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Montana State University > College of Letters and Science > Learning in the Last Best Place

Learning in the Last Best Place


November 15, 2011 -- By Jody Sanford, College of Letters & Science
 
 
Students study a thermal feature in Yellowstone National Park in CHMY 591, "Examing Life in Extreme Environments." Photo by MSSE Program
   
 
 
BIOL 523 students in the field in Yellowstone National Park. Photo by MSSE Program
   
 
 
GEO 521 students in the field at Makoshika State Park. Photo by MSSE Program

Bozeman has been on a lot of “Top 10” or “Best Places” lists in recent years. It seems that the town is now “on the map” and is being recognized for the many great things it has to offer—a high quality of life, excellent recreational opportunities, and a great place to retire or raise a family. For example, in 2009 National Geographic Adventure magazine identified Bozeman as the best town to raise a family. In 2010, U.S. News & World Report included Bozeman on its list of 10 best affordable mountain towns for retirement. Also in 2010, Bozeman was featured on Outside magazine’s “Best Towns” list in the category of “Best Skiing in the West.”

Montana State University is also increasingly on the map because of its wide-range of excellent, and often unique, learning and research opportunities, many of which are found in the College of Letters and Science. Several of these programs are highlighted in this issue of Confluence, including thermal biology and astrobiology in Yellowstone National Park (pages 4-5), archaeology field work (see sidebar and pages 6-7), fisheries research (pages 8-9), paleontology in Eastern Montana and snow science in our many snowy mountains (pages 12-13). Our Native American Studies program is also highlighted for the opportunities it provides students to work in native communities in the region (pages 10-11).

One of the most exciting programs at MSU is the Master of Science in Science Education (MSSE), which includes many summer courses with field components uniquely available in Montana. The College of Letters and Science sponsors the MSSE program (along with the College of Agriculture, the College of Education, Health and Human Development and the Graduate School) and many courses are taught by faculty from our departments, including: ecology, chemistry and biochemistry, microbiology, earth sciences, mathematical sciences and physics. Although MSSE—which is geared towards K-12 science educators—is primarily taught online, students are required to complete one Montana-based two-credit lab or field course. Many, if not most, MSSE students end up taking several field courses either in a single summer or over multiple summers during their time in the program.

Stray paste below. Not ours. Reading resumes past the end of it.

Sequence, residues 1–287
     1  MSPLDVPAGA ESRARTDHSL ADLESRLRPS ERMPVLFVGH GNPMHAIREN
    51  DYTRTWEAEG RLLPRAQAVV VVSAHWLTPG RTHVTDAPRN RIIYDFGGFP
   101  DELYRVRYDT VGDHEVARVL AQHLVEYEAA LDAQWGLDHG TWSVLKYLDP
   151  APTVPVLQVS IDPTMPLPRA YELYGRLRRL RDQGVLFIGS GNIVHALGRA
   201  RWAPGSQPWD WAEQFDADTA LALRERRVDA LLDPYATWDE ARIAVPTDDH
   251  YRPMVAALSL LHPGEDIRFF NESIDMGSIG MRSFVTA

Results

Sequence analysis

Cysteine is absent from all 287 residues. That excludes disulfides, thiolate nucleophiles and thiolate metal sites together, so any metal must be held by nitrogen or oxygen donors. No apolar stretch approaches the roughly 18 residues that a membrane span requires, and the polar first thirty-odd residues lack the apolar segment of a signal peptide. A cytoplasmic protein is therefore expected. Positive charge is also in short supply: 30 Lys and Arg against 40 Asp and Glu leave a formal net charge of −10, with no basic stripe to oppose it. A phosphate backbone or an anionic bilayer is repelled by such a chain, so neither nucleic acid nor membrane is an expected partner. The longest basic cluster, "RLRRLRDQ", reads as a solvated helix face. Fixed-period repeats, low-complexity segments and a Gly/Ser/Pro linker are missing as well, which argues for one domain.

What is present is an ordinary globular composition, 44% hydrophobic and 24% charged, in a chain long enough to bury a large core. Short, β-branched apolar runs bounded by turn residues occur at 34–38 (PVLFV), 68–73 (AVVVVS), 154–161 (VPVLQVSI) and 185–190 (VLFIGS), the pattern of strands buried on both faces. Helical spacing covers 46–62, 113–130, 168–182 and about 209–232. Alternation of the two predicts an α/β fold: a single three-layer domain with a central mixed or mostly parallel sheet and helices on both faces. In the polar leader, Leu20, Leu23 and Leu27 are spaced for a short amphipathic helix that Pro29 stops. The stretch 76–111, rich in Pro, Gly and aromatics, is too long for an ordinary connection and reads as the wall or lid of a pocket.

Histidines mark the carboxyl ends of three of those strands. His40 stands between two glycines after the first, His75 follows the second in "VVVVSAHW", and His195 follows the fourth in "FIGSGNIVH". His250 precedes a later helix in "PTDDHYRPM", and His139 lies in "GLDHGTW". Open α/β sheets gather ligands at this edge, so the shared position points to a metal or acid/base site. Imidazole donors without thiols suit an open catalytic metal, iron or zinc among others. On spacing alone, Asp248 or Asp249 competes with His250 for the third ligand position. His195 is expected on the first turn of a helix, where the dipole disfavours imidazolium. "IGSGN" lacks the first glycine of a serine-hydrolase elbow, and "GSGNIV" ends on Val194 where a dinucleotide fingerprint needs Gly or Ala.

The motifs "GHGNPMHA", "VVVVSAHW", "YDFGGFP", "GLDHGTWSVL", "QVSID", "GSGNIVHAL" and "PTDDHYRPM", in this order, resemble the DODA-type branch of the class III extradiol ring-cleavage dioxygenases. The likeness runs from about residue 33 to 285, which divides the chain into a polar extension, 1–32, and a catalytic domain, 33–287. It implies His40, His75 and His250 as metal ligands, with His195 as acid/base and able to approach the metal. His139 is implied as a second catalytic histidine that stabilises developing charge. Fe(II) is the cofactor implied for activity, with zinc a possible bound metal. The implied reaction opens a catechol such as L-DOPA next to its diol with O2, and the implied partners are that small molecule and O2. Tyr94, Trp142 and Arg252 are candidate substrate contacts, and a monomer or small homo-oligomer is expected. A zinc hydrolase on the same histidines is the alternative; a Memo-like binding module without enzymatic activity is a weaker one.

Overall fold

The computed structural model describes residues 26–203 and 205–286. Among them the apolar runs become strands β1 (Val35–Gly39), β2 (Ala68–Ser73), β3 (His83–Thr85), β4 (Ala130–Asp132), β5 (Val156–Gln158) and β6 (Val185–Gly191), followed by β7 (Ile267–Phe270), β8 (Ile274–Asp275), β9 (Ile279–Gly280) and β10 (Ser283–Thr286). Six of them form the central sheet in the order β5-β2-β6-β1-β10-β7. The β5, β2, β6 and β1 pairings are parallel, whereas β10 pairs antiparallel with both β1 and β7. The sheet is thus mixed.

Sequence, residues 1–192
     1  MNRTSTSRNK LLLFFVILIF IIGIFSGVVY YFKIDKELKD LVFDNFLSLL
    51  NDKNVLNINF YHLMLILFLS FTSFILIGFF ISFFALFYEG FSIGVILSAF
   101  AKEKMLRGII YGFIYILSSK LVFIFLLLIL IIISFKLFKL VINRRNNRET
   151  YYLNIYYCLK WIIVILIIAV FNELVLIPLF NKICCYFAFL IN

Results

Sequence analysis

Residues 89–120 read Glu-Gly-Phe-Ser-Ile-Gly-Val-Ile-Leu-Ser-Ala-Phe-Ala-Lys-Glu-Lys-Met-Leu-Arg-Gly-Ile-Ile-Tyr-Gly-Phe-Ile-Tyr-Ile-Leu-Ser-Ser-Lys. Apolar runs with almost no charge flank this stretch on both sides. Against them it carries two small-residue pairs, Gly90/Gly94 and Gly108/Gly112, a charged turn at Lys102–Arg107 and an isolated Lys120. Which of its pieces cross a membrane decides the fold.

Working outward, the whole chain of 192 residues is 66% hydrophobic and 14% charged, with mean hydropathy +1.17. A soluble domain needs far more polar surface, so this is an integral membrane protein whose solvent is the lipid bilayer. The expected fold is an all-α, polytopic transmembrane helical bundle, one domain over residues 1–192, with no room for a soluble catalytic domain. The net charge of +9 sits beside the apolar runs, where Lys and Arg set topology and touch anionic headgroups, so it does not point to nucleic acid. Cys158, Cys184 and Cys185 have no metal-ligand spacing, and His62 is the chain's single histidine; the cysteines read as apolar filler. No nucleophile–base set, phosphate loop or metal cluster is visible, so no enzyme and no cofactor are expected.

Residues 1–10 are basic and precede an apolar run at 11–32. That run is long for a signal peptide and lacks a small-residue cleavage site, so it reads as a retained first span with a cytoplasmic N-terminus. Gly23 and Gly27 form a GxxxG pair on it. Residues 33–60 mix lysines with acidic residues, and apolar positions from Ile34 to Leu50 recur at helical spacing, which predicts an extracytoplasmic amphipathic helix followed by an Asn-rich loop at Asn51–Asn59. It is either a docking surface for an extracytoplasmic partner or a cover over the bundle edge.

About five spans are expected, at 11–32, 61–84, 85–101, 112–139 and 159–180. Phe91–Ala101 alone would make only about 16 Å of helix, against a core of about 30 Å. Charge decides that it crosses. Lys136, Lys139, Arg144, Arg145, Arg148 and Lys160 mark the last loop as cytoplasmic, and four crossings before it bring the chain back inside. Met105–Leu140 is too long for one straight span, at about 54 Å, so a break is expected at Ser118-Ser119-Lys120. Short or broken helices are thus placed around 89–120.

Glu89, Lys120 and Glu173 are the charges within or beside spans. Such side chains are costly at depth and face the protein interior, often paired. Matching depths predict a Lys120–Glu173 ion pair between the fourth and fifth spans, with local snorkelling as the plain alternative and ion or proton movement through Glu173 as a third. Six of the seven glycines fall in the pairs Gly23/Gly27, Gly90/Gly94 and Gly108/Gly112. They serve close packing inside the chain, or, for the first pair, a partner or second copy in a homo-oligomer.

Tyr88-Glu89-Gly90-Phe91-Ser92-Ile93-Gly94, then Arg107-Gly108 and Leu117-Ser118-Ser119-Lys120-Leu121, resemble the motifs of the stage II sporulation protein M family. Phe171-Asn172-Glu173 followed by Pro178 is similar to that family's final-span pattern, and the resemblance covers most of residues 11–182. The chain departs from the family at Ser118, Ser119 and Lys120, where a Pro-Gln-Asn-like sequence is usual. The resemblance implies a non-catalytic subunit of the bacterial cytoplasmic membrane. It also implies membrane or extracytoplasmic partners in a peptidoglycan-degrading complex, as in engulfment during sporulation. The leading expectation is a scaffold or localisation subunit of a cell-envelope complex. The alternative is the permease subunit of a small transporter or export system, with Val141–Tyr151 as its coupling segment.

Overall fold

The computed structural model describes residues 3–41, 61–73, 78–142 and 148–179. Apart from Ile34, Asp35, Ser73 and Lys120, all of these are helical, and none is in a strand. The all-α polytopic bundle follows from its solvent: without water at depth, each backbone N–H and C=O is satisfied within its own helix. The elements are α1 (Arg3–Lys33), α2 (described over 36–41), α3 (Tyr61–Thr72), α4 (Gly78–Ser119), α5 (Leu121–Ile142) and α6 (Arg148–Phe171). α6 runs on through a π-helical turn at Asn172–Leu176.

In BIOL 523 “Wildlife Ecology of the Northern Rocky Mountains,” students are introduced to the ecology of the Rocky Mountains as showcased within Yellowstone National Park, one of the few intact wild ecosystems in the lower 48 states. This course, which is taught by David Willey, assistant research professor in the Department of Ecology, is largely taught in the field. Four days are spent in Yellowstone applying principles and techniques for studying wildlife populations.

Professor James Schmitt and Associate Research Professor Frankie Jackson, Department of Earth Sciences, teach GEO 521 “Dinosaur Paleontology of Hell Creek Formation,” which provides an introduction to the geology and dinosaur paleontology of eastern Montana. The course features daily hikes in Makoshika State Park where students get hands-on experience in fossil collection and preparation, and interpreting sedimentary environments and taphonomy.

In BIOL 591 “Land Use Issues in the Greater Yellowstone Ecosystem,” students learn about the legal and political basis for scientific management of natural resources on public and private lands in the Greater Yellowstone Ecosystem. Jerry Johnson, professor and department head in the Department of Political Science, teaches the course and leads students on daily outings to visit landscapes around Bozeman and in the nearby communities of Big Sky and Butte. Students examine issues such as the recovery of endangered species, rural sprawl and wildfire suppression policies.

“The unique habitats, landscapes, natural features and cultural resources found in Montana provide a tremendous outdoor classroom and laboratory for many of the disciplines in our college,” said Paula Lutz, Dean of the College of Letters and Science. “Faculty and students alike are able to get outside and pursue some really cool projects in the field.”